This Monday, people across the US will celebrate Martin Luther King Jr. Day to mark the achievements of the Civil Rights Movement, which spoke out against racial discrimination in the American legal system.
As we celebrate the leaps and bounds that we have made as a country against racial discrimination and other forms of structural violence, it’s important that we acknowledge the structural violence that still exists in the US.
The Civil Rights Movement did not erase structural violence. This week on the Art of Trauma-Informed, we’re going to explore the concept of structural violence.
The Definition of Structural Violence
Originally coined in 1969, the term structural violence refers to a form of violence where one or several social structures or institutions harm people by preventing them from meeting their basic needs.
The structures in question include social, economic, and political systems that create disadvantages and risks for certain populations. Examples of structural violence include:
racism and colorism
classism and income inequality
heteronormativity (including sexism, homophobia, and transphobia)
Structural violence perpetuates health inequalities and contributes to higher mortality rates in vulnerable populations. Unsurprisingly, the theories surrounding structural violence are closely linked to the social determinants of health.
Dissecting Structural Violence from the Inside-Out
Structural violence does not exist in a vacuum: it is created through persistent violence across communities and institutions. In the trauma-informed model, we view structural violence as the culmination of other types of social violence in order to explore the power we have to challenge structural violence across every level.
Individual violence includes acts of social discrimination, which can be physical or emotional. Examples include:
Individual violence refers to specific moments of violence between individuals. We can think of individual violence as “violence that harms an individual.”
When we look at instances of individual violence on a larger scale, we can see how it develops into community violence. We can similarly think of community violence as “violence that harms a community.”
Community violence happens when a community is exposed to intentional acts of interpersonal violence, such as sexual assaults, gang violence, or public shootings. These acts of violence can happen suddenly, or they may be anticipated.
The next level is institutional violence, where institutions possess organizational traits which:
are inherently violence
promote moral abandonment
normalize structural oppression
You can think of institutional violence as the violence that institutions enact on people. This violence is usually covert—because it is normalized, people may struggle to see why it is harmful.
For example, one manifestation of medical racism as institutional racism is the phenomenon of “correcting” for race. The spirometer, a tool used to diagnose respiratory disease, uses correction factors of up to 15% for Black individuals.
These correction models may make it difficult for patients of color to receive necessary treatments while disregarding the long-term health impacts of historical trauma such as slavery and forced labor.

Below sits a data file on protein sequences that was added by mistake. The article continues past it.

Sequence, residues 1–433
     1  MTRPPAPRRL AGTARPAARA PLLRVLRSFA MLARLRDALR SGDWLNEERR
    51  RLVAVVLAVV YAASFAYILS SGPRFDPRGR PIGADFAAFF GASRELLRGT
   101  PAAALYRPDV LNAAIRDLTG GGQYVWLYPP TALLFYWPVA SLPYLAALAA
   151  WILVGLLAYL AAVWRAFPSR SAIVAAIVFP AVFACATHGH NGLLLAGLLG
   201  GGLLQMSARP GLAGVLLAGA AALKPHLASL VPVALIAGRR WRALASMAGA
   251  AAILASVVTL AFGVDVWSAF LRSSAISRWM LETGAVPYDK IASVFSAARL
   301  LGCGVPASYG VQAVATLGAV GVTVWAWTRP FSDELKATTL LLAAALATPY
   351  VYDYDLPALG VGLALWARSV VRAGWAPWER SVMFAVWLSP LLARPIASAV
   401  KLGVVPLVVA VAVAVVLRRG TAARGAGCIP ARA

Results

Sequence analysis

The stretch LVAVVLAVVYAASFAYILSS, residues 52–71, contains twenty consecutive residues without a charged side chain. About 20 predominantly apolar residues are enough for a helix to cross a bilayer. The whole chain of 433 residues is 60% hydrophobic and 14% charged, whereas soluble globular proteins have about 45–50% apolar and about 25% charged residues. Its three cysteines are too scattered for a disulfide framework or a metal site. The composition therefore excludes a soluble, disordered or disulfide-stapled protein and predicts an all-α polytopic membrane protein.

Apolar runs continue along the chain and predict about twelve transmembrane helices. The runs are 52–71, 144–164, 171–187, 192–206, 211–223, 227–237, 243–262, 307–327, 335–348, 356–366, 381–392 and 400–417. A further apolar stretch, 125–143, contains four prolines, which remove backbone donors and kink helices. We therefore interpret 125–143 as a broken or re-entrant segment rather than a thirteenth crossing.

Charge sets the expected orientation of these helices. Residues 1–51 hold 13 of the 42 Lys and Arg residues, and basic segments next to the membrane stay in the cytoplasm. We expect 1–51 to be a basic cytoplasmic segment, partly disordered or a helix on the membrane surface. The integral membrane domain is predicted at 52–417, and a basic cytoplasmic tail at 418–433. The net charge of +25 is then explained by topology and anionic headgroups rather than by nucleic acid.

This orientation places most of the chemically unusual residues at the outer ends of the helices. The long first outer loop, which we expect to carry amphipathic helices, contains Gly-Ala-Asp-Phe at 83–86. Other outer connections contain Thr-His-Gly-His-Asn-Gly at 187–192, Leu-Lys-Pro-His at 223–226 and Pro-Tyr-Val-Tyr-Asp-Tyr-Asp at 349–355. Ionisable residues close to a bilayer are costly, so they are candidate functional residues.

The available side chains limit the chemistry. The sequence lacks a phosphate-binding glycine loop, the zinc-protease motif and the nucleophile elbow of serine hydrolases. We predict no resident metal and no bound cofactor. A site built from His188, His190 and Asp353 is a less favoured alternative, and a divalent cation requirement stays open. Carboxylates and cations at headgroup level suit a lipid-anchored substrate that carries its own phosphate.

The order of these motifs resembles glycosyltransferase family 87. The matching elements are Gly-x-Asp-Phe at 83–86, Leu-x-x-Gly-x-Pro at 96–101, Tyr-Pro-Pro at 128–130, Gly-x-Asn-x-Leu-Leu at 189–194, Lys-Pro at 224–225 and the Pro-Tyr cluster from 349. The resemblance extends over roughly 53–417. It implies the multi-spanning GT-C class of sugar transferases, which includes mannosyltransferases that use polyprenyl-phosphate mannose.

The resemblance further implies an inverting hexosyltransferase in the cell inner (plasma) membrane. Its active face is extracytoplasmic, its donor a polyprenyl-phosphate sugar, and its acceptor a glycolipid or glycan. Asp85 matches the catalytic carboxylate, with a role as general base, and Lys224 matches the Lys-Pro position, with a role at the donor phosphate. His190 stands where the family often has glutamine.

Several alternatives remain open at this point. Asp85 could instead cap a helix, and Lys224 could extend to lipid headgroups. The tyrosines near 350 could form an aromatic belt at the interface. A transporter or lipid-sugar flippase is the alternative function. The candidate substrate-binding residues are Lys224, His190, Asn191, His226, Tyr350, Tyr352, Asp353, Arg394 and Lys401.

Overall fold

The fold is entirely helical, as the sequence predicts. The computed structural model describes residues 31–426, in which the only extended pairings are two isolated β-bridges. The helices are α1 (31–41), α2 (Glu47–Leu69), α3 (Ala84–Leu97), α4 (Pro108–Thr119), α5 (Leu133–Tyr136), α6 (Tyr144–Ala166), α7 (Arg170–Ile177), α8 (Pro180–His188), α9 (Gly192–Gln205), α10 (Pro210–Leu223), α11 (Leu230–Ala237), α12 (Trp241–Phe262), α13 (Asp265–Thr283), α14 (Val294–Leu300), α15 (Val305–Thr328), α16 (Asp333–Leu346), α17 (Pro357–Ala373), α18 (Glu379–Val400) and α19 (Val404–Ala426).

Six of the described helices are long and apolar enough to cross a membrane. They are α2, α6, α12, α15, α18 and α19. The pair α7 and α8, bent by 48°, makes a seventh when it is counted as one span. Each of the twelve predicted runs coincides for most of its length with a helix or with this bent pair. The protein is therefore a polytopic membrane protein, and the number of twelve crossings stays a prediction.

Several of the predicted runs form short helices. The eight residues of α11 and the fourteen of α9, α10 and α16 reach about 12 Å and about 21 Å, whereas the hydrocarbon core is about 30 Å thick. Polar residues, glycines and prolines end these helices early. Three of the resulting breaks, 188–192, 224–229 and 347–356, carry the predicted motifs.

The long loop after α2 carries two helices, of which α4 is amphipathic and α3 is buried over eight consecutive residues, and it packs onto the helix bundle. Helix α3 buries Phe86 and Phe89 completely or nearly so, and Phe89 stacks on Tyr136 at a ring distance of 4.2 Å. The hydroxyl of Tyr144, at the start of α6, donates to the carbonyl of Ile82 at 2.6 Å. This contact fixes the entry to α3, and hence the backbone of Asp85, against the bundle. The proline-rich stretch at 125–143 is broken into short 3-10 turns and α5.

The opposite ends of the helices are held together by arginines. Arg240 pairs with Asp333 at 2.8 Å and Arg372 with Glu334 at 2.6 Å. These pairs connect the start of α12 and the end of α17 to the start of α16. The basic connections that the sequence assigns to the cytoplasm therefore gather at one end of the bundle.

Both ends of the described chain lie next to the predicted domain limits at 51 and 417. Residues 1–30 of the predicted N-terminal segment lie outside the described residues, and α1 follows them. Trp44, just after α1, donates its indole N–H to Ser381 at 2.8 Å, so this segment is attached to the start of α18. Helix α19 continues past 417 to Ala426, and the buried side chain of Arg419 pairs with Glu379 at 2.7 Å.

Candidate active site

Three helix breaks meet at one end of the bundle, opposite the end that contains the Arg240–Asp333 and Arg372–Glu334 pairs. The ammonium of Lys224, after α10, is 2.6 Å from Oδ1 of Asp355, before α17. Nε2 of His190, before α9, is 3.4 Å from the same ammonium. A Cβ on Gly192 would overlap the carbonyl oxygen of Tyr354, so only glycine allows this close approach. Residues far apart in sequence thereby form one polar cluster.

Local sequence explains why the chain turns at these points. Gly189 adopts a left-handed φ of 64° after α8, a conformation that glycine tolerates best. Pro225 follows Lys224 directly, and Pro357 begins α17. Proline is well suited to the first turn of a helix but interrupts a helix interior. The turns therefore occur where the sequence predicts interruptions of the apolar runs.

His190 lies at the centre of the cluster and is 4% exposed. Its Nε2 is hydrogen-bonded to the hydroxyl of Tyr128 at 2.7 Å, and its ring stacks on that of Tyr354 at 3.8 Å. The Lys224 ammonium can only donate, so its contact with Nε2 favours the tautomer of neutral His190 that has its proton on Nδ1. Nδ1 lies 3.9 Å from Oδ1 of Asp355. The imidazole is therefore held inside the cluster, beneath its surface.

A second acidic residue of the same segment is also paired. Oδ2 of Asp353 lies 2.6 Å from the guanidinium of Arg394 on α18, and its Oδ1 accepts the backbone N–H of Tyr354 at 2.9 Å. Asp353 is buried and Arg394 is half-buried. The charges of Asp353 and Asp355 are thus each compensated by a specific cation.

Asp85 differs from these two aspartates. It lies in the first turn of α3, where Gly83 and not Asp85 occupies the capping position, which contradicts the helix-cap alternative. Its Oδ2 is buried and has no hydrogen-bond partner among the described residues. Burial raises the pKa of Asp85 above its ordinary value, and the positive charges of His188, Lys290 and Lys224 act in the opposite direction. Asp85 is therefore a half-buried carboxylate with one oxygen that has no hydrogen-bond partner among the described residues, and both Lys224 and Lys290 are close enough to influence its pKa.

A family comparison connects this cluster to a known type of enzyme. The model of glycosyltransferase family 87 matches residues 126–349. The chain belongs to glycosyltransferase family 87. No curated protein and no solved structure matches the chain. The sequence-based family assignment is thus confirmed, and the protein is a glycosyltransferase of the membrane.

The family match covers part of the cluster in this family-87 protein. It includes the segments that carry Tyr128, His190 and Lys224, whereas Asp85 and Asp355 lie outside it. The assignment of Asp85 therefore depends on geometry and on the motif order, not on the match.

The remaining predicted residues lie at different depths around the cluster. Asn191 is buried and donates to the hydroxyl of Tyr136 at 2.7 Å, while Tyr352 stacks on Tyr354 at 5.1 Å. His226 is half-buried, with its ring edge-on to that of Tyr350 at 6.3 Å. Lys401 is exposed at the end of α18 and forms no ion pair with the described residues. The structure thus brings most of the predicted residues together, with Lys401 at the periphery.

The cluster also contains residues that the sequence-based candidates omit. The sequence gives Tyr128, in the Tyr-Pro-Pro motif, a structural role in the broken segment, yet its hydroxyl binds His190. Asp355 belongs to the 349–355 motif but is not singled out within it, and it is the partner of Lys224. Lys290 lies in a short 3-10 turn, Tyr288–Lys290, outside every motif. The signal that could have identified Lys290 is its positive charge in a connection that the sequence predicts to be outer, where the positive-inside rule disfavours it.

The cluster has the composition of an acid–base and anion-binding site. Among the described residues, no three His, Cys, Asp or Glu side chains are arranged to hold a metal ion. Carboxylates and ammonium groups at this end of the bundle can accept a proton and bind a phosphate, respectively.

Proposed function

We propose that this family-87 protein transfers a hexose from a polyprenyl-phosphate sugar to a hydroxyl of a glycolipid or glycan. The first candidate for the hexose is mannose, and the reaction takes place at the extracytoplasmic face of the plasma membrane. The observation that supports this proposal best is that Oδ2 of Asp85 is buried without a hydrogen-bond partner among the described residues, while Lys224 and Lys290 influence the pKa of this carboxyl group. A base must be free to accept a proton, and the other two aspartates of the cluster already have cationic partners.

Institutional violence leads to systemic violence. Systemic violence encompasses the inequalities and continued or worsened disadvantages to marginalized populations through social customs or official policies.
Systemic violence is worsened when those in power limit the power or potential of oppressed groups. They may do this intentionally or unintentionally, but the impact remains the same.
Environmental, economic, racial, and gender injustice intersect to create systemic violence that disproportionately impacts individuals who belong to multiple marginalized groups.
Built upon and surrounding all of these forms of violence is structural violence, where social structures, institutions, and policies do harm through the prevention of basic needs and social exclusion.
Structural violence occurs when inequity is perpetuated through discriminatory beliefs and power structures, such as racism, ableism, sexism, etc.
Understanding Structural Violence Empowers Us to Push Back
Most people would agree that structural violence is bad. The issue is that many of these people remain silent when faced with opportunities to correct or self-correct. We also tend to struggle to address historical trauma and structural violence with an air of cultural humility, responsibility, and accountability.
By understanding how insidious structural violence is in our lives, we can acknowledge how we contribute to the problem while addressing how we can heal and repair it.
The society we are born into is racist, sexist, ablest, and more. It is not our fault that we take on the ideals of the society we exist in. However, it is our responsibility to acknowledge the harmful ideals and norms we carry with us and work towards unlearning the beliefs that harm others and ourselves.
Having these conversations is a big part of creating the change we want to see regarding structural violence. If you want to explore this topic with a trauma-informed community, consider joining us for Intentional Conversations, which will return in February 2023.